The Black Panther: Wakanda Forever soundtrack features Tems, a Nigerian Afrobeats singer-songwriter, who brought the genre to the global mainstream.

Afrobeats brought electoral issues to the dancefloor in Nigeria ahead of their 2022 elections, following in the political footsteps of artists like Fela Kuti.

Electricity by Pheelz and Davido, highlights Nigeria’s lack of electricity – setting the agenda for politicians to solve the problem and change lives.

Sounds of revolution and political protest

Music can also be a literal call to revolution. 

A song started Portugal’s bloodless Carnation Revolution of 1974. The radio played “Grândola, Vila Morena” by Zeca Afonso – an influential political folk musician and singer who was banned from the radio at the time. People heard the song and emerged from their homes to put carnations in the barrels of the soldiers’ guns.

“My people are still suffering. Hundreds of thousands have been killed. All we want is to live without fear, and for West Papua to become a free and independent country. Please hear my people cry for help.”
Benny Wenda, 'Papua Mederka (Free West Papua)' Tweet this

In pre-independence Zimbabwe, Thomas Mafumo (“The Lion of Zimbabwe”) created a whole new genre called Chimurenga (“liberation” in Shona). His songs called for the violent overthrow of the colonial government, with lyrics like “Mothers, send your sons to war.” In the Mugabe era, most of his songs continued to be political, dealing with poverty and other social issues.

In Hong Kong’s protests, protesters often broke out into one song – “Do You Hear The People Sing” from Les Miserables. They also sang together from the city’s tall buildings at night – uniting by voice when they couldn’t in the street.

And in 2020, top musicians from all over the world created Papua Merdeka (“Free West Papua”). The song features spoken word from the ousted leader Benny Wenda and singing by Maria Wenda, his wife. They live in exile in the UK, fighting for their island’s independence from Indonesia.

Artists including Coldcut, Tony Allen and Dele Sosimi told the story of West Papua to music lovers everywhere – many of whom might not have heard of it otherwise.

Indigenous rap, metal and folk

There are around 7000 distinct languages in the world. Indigenous languages make up around 4000 of the total. As many as a fifth of all languages, many Indigenous, are vulnerable or endangered. But Indigenous Peoples continue to voice their struggles through music sung in their mother tongues.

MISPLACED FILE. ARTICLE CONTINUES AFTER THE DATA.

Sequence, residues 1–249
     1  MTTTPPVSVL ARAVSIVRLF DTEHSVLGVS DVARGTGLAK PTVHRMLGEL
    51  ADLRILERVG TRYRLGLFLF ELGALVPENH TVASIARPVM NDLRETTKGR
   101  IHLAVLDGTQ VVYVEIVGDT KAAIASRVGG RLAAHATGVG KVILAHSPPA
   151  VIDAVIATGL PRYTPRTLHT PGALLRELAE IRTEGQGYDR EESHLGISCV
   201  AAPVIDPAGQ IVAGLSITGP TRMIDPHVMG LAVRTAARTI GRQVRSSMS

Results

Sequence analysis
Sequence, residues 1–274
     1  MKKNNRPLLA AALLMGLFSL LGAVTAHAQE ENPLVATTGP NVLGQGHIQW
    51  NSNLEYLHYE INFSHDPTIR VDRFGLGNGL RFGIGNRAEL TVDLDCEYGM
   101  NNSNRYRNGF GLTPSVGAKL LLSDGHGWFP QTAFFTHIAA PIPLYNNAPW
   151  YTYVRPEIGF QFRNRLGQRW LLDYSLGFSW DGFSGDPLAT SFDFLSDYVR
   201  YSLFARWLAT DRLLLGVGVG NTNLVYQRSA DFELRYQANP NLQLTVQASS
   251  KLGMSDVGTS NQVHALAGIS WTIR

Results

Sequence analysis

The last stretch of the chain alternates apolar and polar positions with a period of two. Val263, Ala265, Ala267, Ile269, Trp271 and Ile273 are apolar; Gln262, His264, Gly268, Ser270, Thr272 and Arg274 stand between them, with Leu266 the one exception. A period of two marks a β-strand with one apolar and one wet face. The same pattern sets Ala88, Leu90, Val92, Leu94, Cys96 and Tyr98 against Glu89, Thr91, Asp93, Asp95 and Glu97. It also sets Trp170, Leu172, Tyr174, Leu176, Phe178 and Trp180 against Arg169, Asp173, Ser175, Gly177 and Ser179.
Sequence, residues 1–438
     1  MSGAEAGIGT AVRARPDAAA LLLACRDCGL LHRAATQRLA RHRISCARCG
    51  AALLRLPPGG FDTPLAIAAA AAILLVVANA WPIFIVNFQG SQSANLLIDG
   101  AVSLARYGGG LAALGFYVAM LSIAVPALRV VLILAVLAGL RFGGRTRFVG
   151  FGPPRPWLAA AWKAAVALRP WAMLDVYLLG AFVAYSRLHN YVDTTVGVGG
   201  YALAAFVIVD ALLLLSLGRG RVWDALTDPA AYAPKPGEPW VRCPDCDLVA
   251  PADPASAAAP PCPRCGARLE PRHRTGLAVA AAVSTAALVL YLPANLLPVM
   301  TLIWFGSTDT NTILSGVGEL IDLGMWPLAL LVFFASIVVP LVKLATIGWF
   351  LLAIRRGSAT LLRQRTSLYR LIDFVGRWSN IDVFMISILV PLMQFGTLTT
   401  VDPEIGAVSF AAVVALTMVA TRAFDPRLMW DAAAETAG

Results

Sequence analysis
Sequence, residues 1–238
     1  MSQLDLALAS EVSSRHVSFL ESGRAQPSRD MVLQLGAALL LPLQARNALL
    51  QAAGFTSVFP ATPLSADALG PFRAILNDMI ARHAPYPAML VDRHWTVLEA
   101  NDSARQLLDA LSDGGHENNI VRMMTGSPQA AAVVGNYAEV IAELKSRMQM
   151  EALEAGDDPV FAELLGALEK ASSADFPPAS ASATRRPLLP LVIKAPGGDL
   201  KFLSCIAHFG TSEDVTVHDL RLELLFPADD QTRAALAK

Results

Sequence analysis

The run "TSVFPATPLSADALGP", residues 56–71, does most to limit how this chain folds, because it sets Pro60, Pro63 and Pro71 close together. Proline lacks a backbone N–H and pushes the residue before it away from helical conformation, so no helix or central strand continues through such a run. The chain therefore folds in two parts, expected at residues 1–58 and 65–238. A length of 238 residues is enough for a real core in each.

“Voice of the streets, I do it for my people”
Moko Koza, ‘Made in Nagaland’ Tweet this

Moko Koza from Nagaland in India, sings in three languages – English and two local dialects, Nagamese and Tenyidie. He performs in front of the government and military that his songs criticise. “It makes me feel very tense,” he says. “But I know that I have to do it, they need to hear these messages.”

From Brazil, Kaê Guajajara’s Essa Rua É Minha (This Street Is Mine) fuses Rio-style funk and Indigenous flute, with electrifying results.

Australia’s First Nations have also used music to demand their rights:

And First Nations from Canada to New Zealand are using hip-hop to call out their struggles.

Culture and language are clearly no barrier to sharing great music. Brazilian Indigenous DJ Eric “Marky” Terena played at Glastonbury 2022, as he often does at international climate meetings and protests – in full regalia.

Sounds of nature – and its destruction

Gojira wrote Amazonia to fundraise for the Articulation of Indigenous Peoples of Brazil (APIB).

It follows Coldcut and Hextatic’s 1998 release Timber. The haunting track features chainsaw sounds recorded by Greenpeace looped into immersive electronica.

And to celebrate nature in all its audio glory, in 2020 DJs for Climate Action called for producers worldwide to make music grown from samples recorded by Greenpeace on expeditions across the globe.

And if you wanna hit the floor and dance for the survival of the entire human race – here’s Hannes Bieger and Ursula Rucker’s Poem for the Planet:

Finally, don’t forget to watch and listen to Greenpeace’s latest star-studded collaboration, Don’t Stop: 

Listen to this list